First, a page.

Sting's Sons Found Their Calling On The Gridiron

It's not uncommon for children of professional wrestlers to follow in their parent's footsteps: Dwayne "The Rock" Johnson, Ric Flair, Bruno Sammartino, and dozens of other former champions followed their parents into the ring. But one WWE Hall of Famer instead saw his two sons shy away from the squared circle.

Garrett Borden and Steven Borden Jr. both opted to play football, unlike their father, Steve Borden, who most wrestling fans know simply as "Sting." Sting, a six-time WCW World Heavyweight Champion and four-time TNA World Heavyweight Champion, had his two sons with his first wife, Sue Borden.

Although Garrett, Sting's oldest son, once found himself in the middle of his father's 2007 TNA feud with Kurt Angle, when Angle attacked the high schooler after football practice, it wasn't enough to persuade Garrett into becoming a wrestler. Rather, he went on to play fullback for Azusa Pacific University in Azusa, California.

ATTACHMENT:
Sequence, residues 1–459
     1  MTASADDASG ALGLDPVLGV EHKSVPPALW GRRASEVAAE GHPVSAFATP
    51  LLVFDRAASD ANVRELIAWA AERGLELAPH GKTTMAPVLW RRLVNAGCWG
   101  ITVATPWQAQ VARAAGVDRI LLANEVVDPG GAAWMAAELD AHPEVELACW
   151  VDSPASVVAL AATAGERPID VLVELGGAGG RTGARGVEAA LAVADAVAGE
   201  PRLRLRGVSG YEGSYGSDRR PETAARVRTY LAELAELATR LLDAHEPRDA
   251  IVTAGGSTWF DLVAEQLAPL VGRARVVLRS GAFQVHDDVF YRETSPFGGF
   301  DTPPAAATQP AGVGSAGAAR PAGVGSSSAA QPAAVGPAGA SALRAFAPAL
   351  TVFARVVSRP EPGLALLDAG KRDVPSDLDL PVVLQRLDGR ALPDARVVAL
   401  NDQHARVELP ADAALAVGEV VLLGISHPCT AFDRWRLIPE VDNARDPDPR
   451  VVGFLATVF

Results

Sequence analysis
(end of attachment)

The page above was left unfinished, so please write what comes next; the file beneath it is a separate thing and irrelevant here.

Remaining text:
'He's always kind of pushed me to do what I want'

The current AEW star's youngest son, Steven Jr., also opted to play football instead of wrestling. Steven Jr. played tight end for the University of Kentucky and later tried out for the Kansas City Chiefs, who ultimately passed on signing the second-generation athlete. The Kansas City Star asked Steven Jr. at the time about growing up around his father's fame, and he acknowledged people often asked about it.

"It's never bothered me," Steven Jr. told the newspaper. "It's actually been one of those things that has pushed me my entire life. You see what your dad has done, you want to beat him out."

In fact, Steven Jr. told The Kansas City Star his dad was supportive of his decision to strike out on his own. "He's always kind of pushed me to do what I want to do, make a name for myself outside of what he's done," Steven Jr. said. "So that's been the goal my entire life, not really to follow in his footsteps necessarily, but to make my own name ... he never really was one of those dads who kind of wanted to push their son into their own deal."